h1>What to Do When You Tear an ACL
Tearing your anterior cruciate ligament can be one of the most painful and significant knee injuries you can experience. ACL injuries are particularly common in athletics, because athletes put tremendous strain on their knees.
The ACL is one of four ligaments in the knee, and it helps to limit the mobility of the knee in order to provide better stability. Recovery from ACL injuries can be a long process, so it helps to know how to assess the extent of an injury and what to do in the event that you tear your ACL.
How to Know if You Have a Torn ACL
Most ACL injuries occur during sports events, although they occur in different situations than many people think. Rather than occurring as a result of contact with another player, four
out of five ACL tears occur when an individual pivots or turns suddenly and their knee gives out from under them.
People suffering ACL tears frequently hear a loud popping noise. Even without the sound, the knee
will feel different, as the joint shifts in the absence of this ligament.
Signs of an ACL tear include instability, swelling, and pain. Instability is typically significant among athletes, as sudden changes in movement make the injured person most susceptible to instability. Pain can vary when injuries occur, and much of it comes about as a result of the swelling in the knee, which can be very significant and sudden.
MRI examinations can determine whether the ACL has been torn, but other tests can be effective in identifying this injury too. Orthopedic doctors examine the knee by shifting the leg and moving the tibia forward to feel if there are abnormalities in the knee.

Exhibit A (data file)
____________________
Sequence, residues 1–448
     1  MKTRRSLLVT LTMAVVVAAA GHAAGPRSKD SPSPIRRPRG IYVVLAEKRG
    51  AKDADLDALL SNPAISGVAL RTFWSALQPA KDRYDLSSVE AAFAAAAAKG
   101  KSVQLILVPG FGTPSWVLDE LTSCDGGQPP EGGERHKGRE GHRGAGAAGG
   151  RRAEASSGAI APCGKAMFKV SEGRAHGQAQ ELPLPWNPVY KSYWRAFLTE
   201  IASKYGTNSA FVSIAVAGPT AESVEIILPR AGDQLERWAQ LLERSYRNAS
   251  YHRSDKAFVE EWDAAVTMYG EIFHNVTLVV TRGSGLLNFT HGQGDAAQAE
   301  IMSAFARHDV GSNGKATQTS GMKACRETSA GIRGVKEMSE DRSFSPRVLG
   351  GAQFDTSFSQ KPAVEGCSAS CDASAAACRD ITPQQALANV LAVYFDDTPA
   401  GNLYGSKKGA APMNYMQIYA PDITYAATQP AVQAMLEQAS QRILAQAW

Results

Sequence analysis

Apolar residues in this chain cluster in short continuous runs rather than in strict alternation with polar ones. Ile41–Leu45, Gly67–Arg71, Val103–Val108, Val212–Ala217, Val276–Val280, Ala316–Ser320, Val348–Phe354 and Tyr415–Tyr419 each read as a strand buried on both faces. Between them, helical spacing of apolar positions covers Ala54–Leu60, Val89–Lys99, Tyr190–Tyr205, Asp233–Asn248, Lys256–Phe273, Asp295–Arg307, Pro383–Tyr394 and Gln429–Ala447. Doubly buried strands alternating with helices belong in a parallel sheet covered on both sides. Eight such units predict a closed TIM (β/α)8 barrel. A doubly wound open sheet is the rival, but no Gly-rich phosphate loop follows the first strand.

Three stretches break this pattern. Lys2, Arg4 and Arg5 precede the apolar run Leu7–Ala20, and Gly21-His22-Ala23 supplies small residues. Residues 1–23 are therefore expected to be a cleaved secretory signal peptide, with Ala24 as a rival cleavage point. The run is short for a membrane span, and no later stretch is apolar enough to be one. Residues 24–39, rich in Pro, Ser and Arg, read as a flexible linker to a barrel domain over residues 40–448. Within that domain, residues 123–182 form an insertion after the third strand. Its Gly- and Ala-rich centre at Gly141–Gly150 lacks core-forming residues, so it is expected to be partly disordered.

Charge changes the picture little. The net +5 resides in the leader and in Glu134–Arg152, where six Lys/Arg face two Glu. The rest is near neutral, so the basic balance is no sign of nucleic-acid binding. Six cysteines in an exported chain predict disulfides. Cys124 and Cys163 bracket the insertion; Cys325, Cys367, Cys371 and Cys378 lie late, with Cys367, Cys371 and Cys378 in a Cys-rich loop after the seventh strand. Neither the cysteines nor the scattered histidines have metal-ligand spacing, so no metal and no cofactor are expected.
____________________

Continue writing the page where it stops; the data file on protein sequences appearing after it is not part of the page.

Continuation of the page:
ACL reconstructive surgery involves combining tissues from the patellar tendon or hamstring tendon, or tissue donated from a cadaver to create a new ACL for the injured person. These surgeries have various pros and cons, with each varying in terms of their effectiveness and the lasting effects of the surgery.
In general, not everybody needs surgery following an ACL tear. People who want to return to high-level sports do require surgery, as knee stability is vital for athletic performance. In addition, those suffering high levels of pain or instability frequently turn to surgery as an option. Surgery generally protects the individual from further damage and results in fairly normal functionality in the knee.
The downside to surgery is that it is not totally effective, and many people can function normally without having ACL surgery. Even for those who are very active, sports like running, cycling, and rowing do not generally require surgery. Non-operative therapy is also an option, and those who feel their therapy has been unsuccessful can opt for surgery in the future.
The downside to not having surgery is the potential for further knee damage. Each time a person experiences instability, the joints rub in a way that causes damage and leads to the early onset of symptoms of arthritis.
If you are an athlete and want to lear more about ACL tears and other Sports Medicine injuries, feel free to visit our Sports Medicine Section.
Surgeon’s Advice | Leon Mead MD Orthopedic Doctor | 730 Goodlette Road North, Suite 201 Naples Florida 34102 | Phone: (239) 262-1119